The waiting room had up to 50 people a day. They brought balloons and stuffed animals. pictures, flowers, cards, letters, money and food. Faxes started arriving. We read the e-mails as if we were reading the answer to our situation. All of these kindnesses insulated us nom our pain. All of these people kept us coping with the situation. People we barely knew or didn't know at all came to share their stories. Slowly, shockingly, we became aware of the many, many individuals who were using this drug.

A journalist, Elaine, at the newspaper where Cassie worked, wrote a series of articles about Cassie's condition and the epidemic of meth in our community. She told the truth about Cassie's drug use and her condition. Many people responded to the newspaper and to us.

Cassie's boss, Dawn Dee set up an e-mail account. This gave the community a way to be apprised of Cassie's condition. We couldn't handle the 30 calls a day that were coming into the waiting room. We were exhausted.

We eagerly read the printed e-mail and faxes that were overwhelming the nurses at the front desk. They gave us a big medical chart binder to put them all in. We passed the binder around. E-mails came from all over the country. Churches who didn't know us prayed for us. Young people, parents and distant acquaintances were all holding us in prayer. We read them to Cassie. Everyone spoke of faith.

Eventually our situation started to sink in. On the third day, we had been at the cafeteria with some friends. You don't think you would eat in a situation like that, but we agreed early on that we may be there for months and that we needed to take care of ourselves by showering and eating at least once a day. We wanted to believe that Cassie would need us when she woke up. Anyone who did not observe this rule could not stay.

Someone came running down to tell us Cassie's eyes were opening up and she moved her head slightly to one side. We ran upstairs. I gave thanks as I was rushing upstairs. I knew she would wake up and God would use this as a learning experience for many of us. It would be the time we would look back on as the time we almost lost Cassie. It would be, by all accounts, the scariest time of our lives.

Rumors spread back home. Adult members from the community gathered in churches to conduct services with the kids. Someone videotaped one of them for us. It was beautiful but sad to see all of those young people searching for something in which to believe.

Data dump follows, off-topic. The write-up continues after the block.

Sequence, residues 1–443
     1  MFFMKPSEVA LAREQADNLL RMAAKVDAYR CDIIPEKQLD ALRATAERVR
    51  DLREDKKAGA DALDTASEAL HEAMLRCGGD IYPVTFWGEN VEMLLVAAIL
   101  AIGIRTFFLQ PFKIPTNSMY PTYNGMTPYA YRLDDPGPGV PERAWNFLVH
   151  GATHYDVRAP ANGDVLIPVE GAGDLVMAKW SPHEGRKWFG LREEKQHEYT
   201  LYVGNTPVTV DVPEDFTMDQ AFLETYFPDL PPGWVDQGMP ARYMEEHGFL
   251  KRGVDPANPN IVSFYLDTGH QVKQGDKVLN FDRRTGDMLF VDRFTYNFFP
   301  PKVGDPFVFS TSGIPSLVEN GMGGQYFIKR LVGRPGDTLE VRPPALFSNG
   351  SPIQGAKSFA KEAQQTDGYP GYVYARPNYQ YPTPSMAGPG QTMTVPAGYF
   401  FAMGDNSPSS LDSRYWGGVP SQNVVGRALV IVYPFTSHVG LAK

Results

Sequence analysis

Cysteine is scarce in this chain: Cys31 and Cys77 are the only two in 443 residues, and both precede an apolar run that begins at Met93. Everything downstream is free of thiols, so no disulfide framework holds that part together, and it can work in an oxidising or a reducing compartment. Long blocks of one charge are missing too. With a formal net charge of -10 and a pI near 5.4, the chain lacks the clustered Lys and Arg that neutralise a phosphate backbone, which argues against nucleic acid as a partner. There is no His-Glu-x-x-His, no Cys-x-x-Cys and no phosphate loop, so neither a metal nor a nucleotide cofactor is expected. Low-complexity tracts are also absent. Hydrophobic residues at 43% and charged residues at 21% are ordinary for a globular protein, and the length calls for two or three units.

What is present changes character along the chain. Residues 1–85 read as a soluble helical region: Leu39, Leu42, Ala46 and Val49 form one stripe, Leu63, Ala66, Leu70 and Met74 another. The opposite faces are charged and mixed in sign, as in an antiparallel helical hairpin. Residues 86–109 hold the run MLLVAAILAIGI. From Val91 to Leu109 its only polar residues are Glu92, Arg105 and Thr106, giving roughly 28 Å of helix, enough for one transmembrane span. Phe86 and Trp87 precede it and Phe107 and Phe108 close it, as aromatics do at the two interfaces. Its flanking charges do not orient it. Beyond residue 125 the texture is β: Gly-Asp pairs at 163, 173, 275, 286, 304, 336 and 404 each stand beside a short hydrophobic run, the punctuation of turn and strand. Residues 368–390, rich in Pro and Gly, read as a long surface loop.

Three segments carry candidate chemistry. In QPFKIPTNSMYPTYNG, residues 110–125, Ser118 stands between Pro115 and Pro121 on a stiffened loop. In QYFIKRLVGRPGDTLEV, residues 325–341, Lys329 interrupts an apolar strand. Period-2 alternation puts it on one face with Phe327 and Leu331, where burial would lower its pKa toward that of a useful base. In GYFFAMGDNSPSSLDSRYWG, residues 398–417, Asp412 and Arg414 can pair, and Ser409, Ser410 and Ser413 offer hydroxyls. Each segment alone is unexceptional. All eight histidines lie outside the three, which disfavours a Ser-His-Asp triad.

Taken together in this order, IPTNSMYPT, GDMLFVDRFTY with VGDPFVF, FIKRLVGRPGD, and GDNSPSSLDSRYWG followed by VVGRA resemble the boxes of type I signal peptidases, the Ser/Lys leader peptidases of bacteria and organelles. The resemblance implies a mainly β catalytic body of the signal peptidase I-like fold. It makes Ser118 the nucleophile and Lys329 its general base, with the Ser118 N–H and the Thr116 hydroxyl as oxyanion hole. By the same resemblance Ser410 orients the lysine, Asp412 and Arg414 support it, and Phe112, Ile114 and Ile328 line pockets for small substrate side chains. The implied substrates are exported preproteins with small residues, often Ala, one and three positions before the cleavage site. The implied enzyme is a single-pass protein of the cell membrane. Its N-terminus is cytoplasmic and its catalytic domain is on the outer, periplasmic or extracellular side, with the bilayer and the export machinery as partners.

It didn't take long for the doctors to explain that what had happened was an involuntary response. The base of the brain was still alive. It was communicating with us through convulsions, tremors, high fevers, chills and parted eyes. It was a conversation that would continue for days. It was an unbearable exchange between us, and Cassie. Her body was tormented and ravished, beaten up and abused. Without this conversation, we would have been unable to let her go...

We read to Cassie from the Bible. We read her the e-mails. We talked to her and made many promises. We hugged her, cried, kissed her, bought her things and surrounded her with pictures, flowers, anointed her with holy water and poured tenderness into her care.

We agreed early on to let all of the teens there to take turns and visit her as much as they wanted. We asked them to talk to her, sing, read, joke around and to be sure to pray with her before they left the room. They did. They cried. Some told us of their own drug use and we talked to them of resources and recovery. We called parents to tell them their children were using with our daughter. Denial is an amazing thing. We cling to it. Denial allows us to not condone what we cannot morally accept. Parents have this trait mastered.

At some point we knew we could not force ourselves onto the families, only give them the precious information to keep them from being in our shoes. One father in particular who loved his child very much stood with me down the hall from the waiting room. We were friends. He loved Cassie. At one point in the conversation, I remember grabbing him by the coat and begging him to listen to what I was telling him. His child was in trouble. He began sobbing and walked away.